RSPB
Print page

Don't kill birds with kindness this Christmas

Last modified: 19 December 2014

Robin

Image: Ray Kennedy

The RSPB is urging people to put on a festive feast to fatten up garden birds this Christmas, but to avoid leaving out the potentially dangerous leftover contents of their Christmas dinner roasting tins.

Cooked turkey fat is extremely dangerous to birds for several reasons and can have catastrophic consequences for your garden visitors.

The fat remains soft even when cooled and it could easily smear onto birds’ feathers and ruin their water-proofing and insulating qualities. This layer of grease would make it virtually impossible for birds to keep their feathers clean and dry, which is essential if they are to survive the cold winter weather.

The fat in roasting tins can quickly go rancid when leftover with other meat juices in a warm kitchen before being put outside. This forms an ideal breeding ground for salmonella and other food poisoning bacteria, which could prove fatal to birds at this time of the year.

It is a popular tradition to add other ingredients to a joint of meat before roasting, including rubbing salts in order to crisp the skin and to add extra flavour. High levels of salt are toxic to garden birds so the RSPB urges people not to leave the cooked fats from any meat on bird tables this Christmas.

Amy Colvin from RSPB Northern Ireland said: “It’s extremely important that people don’t put the fat from roasting tins outside for birds this Christmas. Although it may seem like a good thing to do, you could be killing them with kindness.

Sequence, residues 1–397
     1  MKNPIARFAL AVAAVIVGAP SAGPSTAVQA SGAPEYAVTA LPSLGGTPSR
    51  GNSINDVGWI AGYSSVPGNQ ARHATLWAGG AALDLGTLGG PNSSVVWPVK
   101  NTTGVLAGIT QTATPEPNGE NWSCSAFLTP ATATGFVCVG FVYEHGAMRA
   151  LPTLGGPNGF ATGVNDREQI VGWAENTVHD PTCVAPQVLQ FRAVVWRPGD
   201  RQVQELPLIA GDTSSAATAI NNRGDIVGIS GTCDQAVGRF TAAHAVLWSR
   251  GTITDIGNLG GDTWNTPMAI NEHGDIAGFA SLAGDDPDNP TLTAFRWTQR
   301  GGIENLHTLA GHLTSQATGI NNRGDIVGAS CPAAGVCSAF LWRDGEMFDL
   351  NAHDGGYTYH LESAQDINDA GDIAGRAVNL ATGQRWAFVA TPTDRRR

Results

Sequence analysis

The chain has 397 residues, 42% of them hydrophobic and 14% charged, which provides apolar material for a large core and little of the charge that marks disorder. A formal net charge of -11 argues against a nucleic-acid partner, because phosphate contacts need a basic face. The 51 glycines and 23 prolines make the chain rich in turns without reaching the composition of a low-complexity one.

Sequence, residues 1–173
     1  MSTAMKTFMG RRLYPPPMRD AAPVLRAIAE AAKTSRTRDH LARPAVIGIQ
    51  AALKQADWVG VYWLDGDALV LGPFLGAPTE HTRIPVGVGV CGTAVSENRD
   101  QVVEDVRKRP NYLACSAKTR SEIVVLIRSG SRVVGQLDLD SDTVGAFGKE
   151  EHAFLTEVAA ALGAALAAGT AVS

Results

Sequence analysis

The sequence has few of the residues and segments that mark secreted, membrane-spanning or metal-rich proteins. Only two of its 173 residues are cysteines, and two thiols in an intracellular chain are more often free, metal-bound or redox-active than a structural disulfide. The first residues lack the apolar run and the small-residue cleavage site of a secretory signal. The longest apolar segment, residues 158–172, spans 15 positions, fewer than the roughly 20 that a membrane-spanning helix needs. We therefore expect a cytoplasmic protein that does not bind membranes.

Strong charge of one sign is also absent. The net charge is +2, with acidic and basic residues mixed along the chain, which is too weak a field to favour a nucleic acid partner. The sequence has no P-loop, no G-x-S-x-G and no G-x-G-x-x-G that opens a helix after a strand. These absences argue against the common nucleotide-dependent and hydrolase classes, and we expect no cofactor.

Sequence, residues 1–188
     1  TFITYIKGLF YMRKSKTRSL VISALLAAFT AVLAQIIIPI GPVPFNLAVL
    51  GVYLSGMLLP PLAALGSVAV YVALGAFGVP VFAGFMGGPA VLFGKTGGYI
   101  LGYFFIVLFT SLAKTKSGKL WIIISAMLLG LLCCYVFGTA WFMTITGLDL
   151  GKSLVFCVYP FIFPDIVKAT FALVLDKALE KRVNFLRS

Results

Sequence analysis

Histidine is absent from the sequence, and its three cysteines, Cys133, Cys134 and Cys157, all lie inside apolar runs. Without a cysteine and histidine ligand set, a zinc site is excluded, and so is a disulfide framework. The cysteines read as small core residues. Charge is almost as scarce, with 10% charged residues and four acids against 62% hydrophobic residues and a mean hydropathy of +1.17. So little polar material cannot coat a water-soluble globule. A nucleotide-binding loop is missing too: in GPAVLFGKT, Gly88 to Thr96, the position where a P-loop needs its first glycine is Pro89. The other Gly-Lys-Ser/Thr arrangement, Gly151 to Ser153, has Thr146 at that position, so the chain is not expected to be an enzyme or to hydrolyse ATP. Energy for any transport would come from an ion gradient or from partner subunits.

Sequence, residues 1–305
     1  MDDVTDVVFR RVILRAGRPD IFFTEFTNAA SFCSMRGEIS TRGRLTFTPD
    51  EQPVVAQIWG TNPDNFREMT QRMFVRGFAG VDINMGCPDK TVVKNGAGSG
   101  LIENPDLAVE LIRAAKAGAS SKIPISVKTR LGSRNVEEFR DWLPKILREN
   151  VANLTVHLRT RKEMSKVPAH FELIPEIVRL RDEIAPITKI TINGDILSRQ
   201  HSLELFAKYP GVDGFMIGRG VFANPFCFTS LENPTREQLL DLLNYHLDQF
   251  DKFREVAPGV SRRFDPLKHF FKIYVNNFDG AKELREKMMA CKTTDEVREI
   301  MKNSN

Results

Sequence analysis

“Often people believe they’re helping birds by pouring the fat from Christmas joints onto bird tables or mixing it with bird seed, but this is a completely different kind of fat and could have disastrous effects. Only pure fats such as lard and suet should be used to make homemade fat balls which will give birds’ the energy and nutrients to survive the winter cold.”

However, the RSPB is encouraging people to put on a festive feast for visiting garden birds, as additional feeding at this time of the year can be the difference between life and death.

Amy added: “Bird seed table mix, suet balls and other nibbles are great at providing birds with the vital energy and nutrients that are so important for them. Additionally, there is no harm in slipping in a few festive treats such as Christmas cake crumbs, mince pie pasty crumbs and biscuit crumbs to give them an extra boost. And if you do find yourself with a little extra time over the holidays and want to cook up a festive feast for your garden birds from scratch, then the RSPB’s website has a selection of recipes you can follow.”

Providing shelter for birds at this time of the year is also hugely beneficial. By carefully planting dense hedges or putting up a next box provides the perfect spot for birds to roost in and shelter from the weather.

For more information about how you can give nature a home in your outside space visit www.rspb.org.uk/homes.

Share this